Yes, it is funny, though I can understand if you do not think so. Much of it seems to take itself too seriously to consider the making of even a single joke. There is a lot of important questing, sword-drawing, and oath-taking. Battles must be fought, and treasures must be won. Who has time to be funny?
Fortunately, there are several writers who combine speculative fiction with a good sense of humor. Chief among these is Terry Pratchett. Because of his enormous commercial success (total copies sold is currently aiming towards 90 million) it would be accurate to call the genre of comedic speculative fiction the Pratchett Way. Here are some of the writers who practice it.
- Douglass Adams. Though he wrote a small number of books, his contribution to the Patchett Way is Godlike. Adams wrote The Hitchhiker’s Guide to the Galaxy and 4 subsequent sequels – an “increasingly misnamed trilogy” as he once put. To state it plainly and firmly: among the best books written in the 20th-Century. If you have not read it, get a copy immediately. You will be a happier and wiser person for it.
- Jaspar Fforde. In spite of my reverence for Adams, Fforde is my favorite writer on this list. Thus far, his most famous creation is the female heroine Thursday Next, star of short series of novels. Next can jump into the plots of other books. Thus, the first book in the series is called The Eyre Affair and has Next jumping into the plot of Jane Eyre. Next can also time travel. Plus, the Thursday Next universe is a comical alternate to our own in which several extinct species still survive and in which cheese smuggling (yes, you read it correctly) is a serious crime. Have you lost track? Alternate universe, classic literature, time travel, comedy: Fforde as something fort every reader.
- A Lee Martinez. He may be the least known writer on this list, and there is simply no reason for it. Perhaps he is a tad too specialized even within the specialized world of comedic genre fiction. He combines jokes with the tropes of horror stories. His first book, Gil’s All Fright Diner, has two working class slobs, who also happen to be both monsters and monster hunters, defend a truck stop style restaurant from the onslaughts of unspeakable demons and the like – you know, as it all too often happens.
- Robert Rankin. I love this guy, but you will have a hard time finding his books. I had a near impossible time doing so until they became available on a well known commercially available e-reader. I may not be allowed to promote said reader, so let’s just say that it rhymes with spindle. It is nearly impossible to describe the humorous chaos of a Rankin book, so I will let a few titles doing the talking for me: Nostradamus Ate My Hamster, The Toyminator, and my personal favorite, The Hollow Chocolate Bunnies of the Apocalypse.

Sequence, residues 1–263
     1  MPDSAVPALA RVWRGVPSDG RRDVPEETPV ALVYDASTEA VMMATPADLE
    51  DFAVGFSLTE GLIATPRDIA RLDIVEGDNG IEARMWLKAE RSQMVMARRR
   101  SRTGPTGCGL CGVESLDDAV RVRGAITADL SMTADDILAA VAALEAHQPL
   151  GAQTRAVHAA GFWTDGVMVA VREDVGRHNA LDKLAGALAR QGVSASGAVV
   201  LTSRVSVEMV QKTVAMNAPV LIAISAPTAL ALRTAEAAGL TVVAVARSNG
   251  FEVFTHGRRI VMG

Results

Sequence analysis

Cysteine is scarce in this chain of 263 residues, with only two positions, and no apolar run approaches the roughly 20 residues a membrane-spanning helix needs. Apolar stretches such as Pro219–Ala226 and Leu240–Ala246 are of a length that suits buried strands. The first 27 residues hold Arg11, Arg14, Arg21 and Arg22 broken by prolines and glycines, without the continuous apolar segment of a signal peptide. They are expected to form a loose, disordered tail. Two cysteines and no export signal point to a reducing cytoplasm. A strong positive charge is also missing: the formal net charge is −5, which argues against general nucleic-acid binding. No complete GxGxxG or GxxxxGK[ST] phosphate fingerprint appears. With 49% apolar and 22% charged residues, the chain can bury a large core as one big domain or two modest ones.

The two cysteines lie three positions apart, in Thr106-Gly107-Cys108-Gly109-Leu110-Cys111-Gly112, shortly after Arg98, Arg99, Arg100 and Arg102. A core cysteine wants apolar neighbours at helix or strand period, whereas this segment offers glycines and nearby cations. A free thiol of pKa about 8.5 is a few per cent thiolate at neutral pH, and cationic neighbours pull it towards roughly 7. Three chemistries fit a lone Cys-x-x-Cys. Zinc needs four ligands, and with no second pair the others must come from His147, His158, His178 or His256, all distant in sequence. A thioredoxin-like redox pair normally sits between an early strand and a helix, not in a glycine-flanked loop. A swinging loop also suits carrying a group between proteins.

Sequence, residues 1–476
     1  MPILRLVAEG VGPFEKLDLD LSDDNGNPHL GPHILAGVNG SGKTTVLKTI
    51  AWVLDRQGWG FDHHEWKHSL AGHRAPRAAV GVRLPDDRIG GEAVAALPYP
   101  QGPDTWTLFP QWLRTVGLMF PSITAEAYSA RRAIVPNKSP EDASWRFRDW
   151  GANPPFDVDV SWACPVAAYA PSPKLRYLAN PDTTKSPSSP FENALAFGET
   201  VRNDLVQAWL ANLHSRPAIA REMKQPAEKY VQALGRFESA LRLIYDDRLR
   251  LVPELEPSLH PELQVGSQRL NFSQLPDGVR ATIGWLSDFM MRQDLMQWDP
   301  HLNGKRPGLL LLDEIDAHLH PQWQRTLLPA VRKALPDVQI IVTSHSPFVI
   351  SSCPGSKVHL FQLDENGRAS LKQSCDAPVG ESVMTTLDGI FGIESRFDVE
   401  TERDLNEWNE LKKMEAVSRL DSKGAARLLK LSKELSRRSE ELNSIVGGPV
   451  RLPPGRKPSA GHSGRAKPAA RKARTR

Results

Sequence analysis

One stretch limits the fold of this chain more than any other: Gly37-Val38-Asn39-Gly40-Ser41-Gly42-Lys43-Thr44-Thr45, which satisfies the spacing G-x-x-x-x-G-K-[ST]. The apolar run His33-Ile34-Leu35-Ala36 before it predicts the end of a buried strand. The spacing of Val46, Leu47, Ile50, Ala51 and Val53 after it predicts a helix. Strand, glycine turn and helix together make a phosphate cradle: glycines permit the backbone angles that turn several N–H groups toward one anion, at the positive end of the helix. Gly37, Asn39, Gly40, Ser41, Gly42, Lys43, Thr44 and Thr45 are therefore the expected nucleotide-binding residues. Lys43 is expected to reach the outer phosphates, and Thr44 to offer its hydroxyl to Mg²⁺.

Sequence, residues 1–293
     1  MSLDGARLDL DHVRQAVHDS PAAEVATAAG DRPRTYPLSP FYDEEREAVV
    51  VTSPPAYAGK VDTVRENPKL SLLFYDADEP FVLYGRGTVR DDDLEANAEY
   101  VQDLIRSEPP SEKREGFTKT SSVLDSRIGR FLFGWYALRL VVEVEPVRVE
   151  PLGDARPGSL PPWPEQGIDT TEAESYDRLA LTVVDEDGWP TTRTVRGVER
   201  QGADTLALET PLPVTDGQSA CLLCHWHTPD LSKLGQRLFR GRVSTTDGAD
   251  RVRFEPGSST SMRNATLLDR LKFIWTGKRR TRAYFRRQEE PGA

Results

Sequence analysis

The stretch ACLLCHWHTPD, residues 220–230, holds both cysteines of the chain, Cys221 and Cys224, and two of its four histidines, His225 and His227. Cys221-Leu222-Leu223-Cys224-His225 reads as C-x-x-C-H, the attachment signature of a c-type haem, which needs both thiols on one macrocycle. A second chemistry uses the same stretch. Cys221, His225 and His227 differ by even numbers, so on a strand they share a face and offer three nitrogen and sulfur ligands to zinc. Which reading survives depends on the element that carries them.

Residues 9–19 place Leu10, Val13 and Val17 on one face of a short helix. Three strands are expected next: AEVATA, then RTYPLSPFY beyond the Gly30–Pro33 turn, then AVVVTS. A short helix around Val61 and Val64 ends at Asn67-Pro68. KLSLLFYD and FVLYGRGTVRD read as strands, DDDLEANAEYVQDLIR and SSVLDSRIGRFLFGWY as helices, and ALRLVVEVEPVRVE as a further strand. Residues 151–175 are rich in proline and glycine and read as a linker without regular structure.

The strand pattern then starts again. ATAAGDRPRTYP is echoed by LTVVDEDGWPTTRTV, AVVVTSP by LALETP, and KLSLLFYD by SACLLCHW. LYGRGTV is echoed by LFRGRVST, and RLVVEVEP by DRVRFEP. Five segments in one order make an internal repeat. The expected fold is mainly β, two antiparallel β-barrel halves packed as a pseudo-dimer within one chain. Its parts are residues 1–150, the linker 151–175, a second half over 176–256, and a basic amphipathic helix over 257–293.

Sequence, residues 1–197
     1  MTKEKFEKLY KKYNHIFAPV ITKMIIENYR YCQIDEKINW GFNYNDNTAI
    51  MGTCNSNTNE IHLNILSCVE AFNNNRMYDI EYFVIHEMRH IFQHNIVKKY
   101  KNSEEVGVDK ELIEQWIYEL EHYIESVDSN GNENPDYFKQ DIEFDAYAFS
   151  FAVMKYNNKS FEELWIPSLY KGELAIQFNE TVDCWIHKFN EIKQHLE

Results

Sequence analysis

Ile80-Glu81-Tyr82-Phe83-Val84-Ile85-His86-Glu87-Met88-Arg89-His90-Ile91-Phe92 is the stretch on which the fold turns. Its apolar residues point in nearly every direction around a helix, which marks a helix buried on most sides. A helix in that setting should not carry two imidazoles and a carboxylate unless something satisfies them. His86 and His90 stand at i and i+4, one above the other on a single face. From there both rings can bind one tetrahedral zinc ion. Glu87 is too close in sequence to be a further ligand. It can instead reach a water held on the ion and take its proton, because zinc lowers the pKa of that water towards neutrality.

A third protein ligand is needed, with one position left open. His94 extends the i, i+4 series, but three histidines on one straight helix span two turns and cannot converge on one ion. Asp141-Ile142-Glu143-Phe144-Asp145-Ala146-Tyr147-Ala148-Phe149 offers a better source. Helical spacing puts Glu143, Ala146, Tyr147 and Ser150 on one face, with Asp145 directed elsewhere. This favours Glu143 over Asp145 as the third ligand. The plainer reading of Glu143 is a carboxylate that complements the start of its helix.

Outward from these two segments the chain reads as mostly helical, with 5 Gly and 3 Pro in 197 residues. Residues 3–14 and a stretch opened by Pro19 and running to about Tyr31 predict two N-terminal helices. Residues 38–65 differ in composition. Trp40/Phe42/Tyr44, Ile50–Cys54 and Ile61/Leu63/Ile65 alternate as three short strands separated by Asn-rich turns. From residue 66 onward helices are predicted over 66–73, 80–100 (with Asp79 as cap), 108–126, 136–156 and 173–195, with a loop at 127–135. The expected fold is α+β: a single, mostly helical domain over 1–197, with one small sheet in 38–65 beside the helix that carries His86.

- Tom Holt. For at least a decade, I have been trying to sell Holt to my fellow book fanatics. Thus far, I have had little success. He is quite prolific and there is much from which to choose. Much of his humorous fantasy depends on odd juxtapositions. What would happen, for example, if the Gods and Goddesses of Norse mythology suddenly appeared in our modern world? Obviously, at least the way Holt writes, hilarity ensues. Other elements of Holt novels: a powerful race of alien frogs, donuts serving as portals to other worlds, the management problems of Santa Claus. Um, perhaps there are good reasons I can’t get folks to read these books after all.
As always with such lists, I could go on and on. Indeed, the genre goes back centuries, literally. Mark Twain wrote A Connecticut Yankee in King Arthur’s Court using time travel for his satiric purposes. Many readers often mislabel Swift’s Gulliver’s Travels as a children’s book when it is, in fact, a very funny and very adult satire. The very roots of Western literature, the ancient Greeks as personified by Aristophanes, combine the mythic doings of the Gods with laughs.
Postscript: occasional guest blogger, Amethyst Magee, is a huge fan of A. Lee Martinez and even corresponds with him on occasion. I am in process of soliciting a more extended introduction to his work.